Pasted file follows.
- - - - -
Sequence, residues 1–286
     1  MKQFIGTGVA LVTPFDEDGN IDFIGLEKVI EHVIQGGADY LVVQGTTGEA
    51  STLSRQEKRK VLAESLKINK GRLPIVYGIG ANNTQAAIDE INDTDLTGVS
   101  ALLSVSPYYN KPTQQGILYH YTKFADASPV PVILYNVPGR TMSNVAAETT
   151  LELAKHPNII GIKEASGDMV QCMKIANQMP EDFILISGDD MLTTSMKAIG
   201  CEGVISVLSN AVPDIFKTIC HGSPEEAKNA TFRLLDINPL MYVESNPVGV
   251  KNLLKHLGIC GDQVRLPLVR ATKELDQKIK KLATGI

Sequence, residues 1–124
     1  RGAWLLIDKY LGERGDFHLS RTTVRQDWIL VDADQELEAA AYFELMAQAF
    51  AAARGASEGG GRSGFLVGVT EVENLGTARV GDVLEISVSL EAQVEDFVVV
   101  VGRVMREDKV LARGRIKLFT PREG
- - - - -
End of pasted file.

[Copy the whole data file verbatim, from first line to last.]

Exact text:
Sequence, residues 1–286
     1  MKQFIGTGVA LVTPFDEDGN IDFIGLEKVI EHVIQGGADY LVVQGTTGEA
    51  STLSRQEKRK VLAESLKINK GRLPIVYGIG ANNTQAAIDE INDTDLTGVS
   101  ALLSVSPYYN KPTQQGILYH YTKFADASPV PVILYNVPGR TMSNVAAETT
   151  LELAKHPNII GIKEASGDMV QCMKIANQMP EDFILISGDD MLTTSMKAIG
   201  CEGVISVLSN AVPDIFKTIC HGSPEEAKNA TFRLLDINPL MYVESNPVGV
   251  KNLLKHLGIC GDQVRLPLVR ATKELDQKIK KLATGI

Sequence, residues 1–124
     1  RGAWLLIDKY LGERGDFHLS RTTVRQDWIL VDADQELEAA AYFELMAQAF
    51  AAARGASEGG GRSGFLVGVT EVENLGTARV GDVLEISVSL EAQVEDFVVV
   101  VGRVMREDKV LARGRIKLFT PREG